Posted by: kerryl29 | September 11, 2013

The Upper Peninsula

When it comes to locations outside northern Illinois and central Indiana, I’ve spent more time photographing in Michigan’s Upper Peninsula (UP) in the fall than anywhere else.  I’ve spent the equivalent of about four weeks photographing autumn in the UP, dating back to my first trip in 2002.  I was back again in 2003, 2006 and 2008.

Red Jack Lake, Hiawatha National Forest, Michigan

Red Jack Lake, Hiawatha National Forest, Michigan

While I’ve shot in the western part of the UP, I’ve spent the largest share of my time around Munsing, which is in the north-central part of the peninsula, on the southern shore of Lake Superior.  The area is surrounded by the Hiawatha National Forest, and Pictured Rocks National Lakeshore, and filled with lakes, rivers, waterfalls and other wetlands (including the relatively nearby Seney National Wildlife Refuge).

Elliott Creek, Miner's Beach, Pictured Rocks National Lakeshore, Michigan

Elliott Creek, Miner’s Beach, Pictured Rocks National Lakeshore, Michigan

One of the most inviting things about the UP for a landscape photographer is how empty it is.  With an area of nearly 17,000 square miles and a population scarcely above 300,000 (Marquette, the largest town, has about 20,000 people), there’s plenty of opportunity for solitude.  There are few things I enjoy as much as wandering around the sprawling Hiawatha National Forest with my camera, capturing the seemingly endless photo opportunities presented in and around the dozens of lakes and the dazzling fall colors of the mixed deciduous/coniferous North Woods.  The Lake Superior shoreline, accessible in multiple points in Pictured Rocks, is every bit as compelling and just about as empty.  In my opinion, the UP in the fall has about 95% of the subject appeal of New England with none of the crowds.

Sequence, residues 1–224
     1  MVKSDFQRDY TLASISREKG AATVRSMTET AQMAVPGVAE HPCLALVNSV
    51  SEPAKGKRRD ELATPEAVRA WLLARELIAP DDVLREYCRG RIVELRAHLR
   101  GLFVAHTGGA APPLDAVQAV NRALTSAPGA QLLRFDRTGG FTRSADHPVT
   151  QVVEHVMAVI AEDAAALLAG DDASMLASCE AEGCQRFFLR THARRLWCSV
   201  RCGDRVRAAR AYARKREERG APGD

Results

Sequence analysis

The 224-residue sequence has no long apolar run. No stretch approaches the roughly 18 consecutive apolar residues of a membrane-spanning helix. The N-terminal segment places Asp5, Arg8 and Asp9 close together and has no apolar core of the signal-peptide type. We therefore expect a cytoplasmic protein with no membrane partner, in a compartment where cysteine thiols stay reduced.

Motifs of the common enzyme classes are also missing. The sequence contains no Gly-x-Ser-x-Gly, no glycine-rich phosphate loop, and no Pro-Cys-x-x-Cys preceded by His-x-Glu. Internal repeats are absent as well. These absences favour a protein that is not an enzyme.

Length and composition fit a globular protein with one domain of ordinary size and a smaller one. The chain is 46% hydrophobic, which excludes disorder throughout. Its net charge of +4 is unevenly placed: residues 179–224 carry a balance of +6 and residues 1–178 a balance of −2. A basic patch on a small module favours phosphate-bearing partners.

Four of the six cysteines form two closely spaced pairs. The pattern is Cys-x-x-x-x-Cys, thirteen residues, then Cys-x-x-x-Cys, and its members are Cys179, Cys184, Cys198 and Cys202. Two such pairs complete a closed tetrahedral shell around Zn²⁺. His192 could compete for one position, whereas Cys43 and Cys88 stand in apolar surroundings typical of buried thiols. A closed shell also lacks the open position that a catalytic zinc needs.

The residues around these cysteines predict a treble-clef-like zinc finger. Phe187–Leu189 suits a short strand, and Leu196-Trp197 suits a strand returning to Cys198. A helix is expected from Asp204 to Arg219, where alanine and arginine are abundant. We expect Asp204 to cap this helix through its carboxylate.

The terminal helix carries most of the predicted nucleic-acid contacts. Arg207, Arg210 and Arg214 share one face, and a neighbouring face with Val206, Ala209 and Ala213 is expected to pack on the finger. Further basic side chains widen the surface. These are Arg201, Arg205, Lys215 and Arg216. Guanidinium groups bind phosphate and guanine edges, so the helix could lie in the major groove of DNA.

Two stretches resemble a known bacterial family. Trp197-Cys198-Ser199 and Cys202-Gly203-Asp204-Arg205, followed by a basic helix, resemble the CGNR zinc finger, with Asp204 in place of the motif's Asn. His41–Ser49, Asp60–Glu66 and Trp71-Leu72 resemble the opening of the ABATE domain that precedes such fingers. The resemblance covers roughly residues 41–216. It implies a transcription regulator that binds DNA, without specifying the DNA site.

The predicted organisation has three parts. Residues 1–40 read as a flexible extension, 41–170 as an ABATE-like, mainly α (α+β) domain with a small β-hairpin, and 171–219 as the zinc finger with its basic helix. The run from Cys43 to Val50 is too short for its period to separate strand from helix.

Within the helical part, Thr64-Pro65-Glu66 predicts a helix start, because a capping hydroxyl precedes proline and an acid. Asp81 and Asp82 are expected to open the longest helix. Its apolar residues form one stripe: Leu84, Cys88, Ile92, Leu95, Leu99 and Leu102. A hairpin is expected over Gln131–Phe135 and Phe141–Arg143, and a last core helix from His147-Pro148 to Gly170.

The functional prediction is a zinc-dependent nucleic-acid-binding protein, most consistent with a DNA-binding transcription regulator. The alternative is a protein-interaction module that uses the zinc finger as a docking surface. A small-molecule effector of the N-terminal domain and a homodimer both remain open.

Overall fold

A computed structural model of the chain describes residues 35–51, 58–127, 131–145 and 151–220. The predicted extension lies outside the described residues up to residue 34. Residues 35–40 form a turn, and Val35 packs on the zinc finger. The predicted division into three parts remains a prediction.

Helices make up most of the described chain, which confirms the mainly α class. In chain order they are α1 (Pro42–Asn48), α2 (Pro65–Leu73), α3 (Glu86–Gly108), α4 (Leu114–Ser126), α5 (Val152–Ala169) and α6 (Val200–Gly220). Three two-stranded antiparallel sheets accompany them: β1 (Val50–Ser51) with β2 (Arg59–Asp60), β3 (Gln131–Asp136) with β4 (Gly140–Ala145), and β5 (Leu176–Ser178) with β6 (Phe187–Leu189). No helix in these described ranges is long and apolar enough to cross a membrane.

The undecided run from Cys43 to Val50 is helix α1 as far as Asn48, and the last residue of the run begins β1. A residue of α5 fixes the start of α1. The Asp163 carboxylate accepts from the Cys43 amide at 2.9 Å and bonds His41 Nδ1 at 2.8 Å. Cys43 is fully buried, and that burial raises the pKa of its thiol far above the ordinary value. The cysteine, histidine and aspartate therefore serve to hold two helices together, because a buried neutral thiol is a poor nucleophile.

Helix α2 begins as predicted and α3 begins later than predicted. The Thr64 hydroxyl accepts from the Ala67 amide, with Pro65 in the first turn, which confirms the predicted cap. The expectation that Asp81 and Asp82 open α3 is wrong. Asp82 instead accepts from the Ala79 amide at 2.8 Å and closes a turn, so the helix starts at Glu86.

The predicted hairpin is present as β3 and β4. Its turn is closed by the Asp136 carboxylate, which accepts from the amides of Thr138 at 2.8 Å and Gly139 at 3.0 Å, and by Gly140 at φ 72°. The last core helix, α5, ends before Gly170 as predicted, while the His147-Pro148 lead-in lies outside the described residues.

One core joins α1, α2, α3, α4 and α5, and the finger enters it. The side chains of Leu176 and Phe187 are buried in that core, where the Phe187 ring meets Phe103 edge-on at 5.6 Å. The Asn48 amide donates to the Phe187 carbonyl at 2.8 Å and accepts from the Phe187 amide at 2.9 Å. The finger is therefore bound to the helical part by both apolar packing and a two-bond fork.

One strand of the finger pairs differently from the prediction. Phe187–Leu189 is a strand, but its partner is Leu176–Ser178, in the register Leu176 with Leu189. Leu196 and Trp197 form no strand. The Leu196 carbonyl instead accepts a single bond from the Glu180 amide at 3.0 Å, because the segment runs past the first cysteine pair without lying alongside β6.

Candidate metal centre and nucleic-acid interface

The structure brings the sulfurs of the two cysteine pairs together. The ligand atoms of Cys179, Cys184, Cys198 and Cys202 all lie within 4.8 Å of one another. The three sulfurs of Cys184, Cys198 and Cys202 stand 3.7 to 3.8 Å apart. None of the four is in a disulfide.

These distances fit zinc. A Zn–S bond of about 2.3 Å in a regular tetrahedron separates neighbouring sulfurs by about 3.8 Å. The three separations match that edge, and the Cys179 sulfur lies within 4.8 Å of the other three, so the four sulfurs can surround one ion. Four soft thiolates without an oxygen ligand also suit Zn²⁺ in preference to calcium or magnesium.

Little Carp River, Lake of the Clouds Overlook, Porcupine Mountains State Park, Michigan

Little Carp River, Lake of the Clouds Overlook, Porcupine Mountains State Park, Michigan

Of course the remoteness of the region comes at some “cost”:  it’s about 380 driving miles–only about half of it on Interstate highways–from my base in the Chicago area to Munising, and the trip takes between six and seven hours.  Since I’m starting on the west side of Lake Michigan, I drive north through Wisconsin, and the Interstate ends at Green Bay.  From there, it’s about 165 miles on a series of U.S. highways and a joint county road/forest service road through the Hiawatha to Munising.

Birch Tree Twins, Hiawatha National Forest, Michigan

Birch Tree Twins, Hiawatha National Forest, Michigan

On October 2 I’ll be making my fifth week-long pilgrimage to the UP–my first in five years.  I will be visiting plenty of familiar places, but will explore many new ones as well.  I am–I think–a better photographer now than I was when I last visited the UP and with a bit of luck–trying to time the peak of fall color is a notoriously frustrating exercise–this will be my best and most productive trip to the region yet.  I know the lay of the land up there pretty well.  All reports I’ve received suggest that this should be an excellent year for color in the area, given the comparatively cool, moist conditions through the spring and summer.  So, things are setting up favorably thus far.  [crossed fingers]

Otter Lake Dawn, Hiawatha National Forest, Michigan

Otter Lake Dawn, Hiawatha National Forest, Michigan

To say that I’m looking forward to the trip would be a massive understatement.

Autumnal Impressions, Halfmoon Lake, Hiawatha National Forest, Michigan

Autumnal Impressions, Halfmoon Lake, Hiawatha National Forest, Michigan

All of the images accompanying this entry come from my previous trips to the Upper Peninsula, and I’m barely scratching the surface with the images I’ve chosen to present here.

White Birch Forest, Pictured Rocks National Lakeshore, Michigan

White Birch Forest, Pictured Rocks National Lakeshore, Michigan

This gives you a sense of the subject matter that is present with just about every step you take.  Perhaps it provides a window into my thought process:  this is why I look forward to this trip with such anticipation.

Lake of the Clouds Sunrise, Porcupine Mountains State Park, Michigan

Lake of the Clouds Sunrise, Porcupine Mountains State Park, Michigan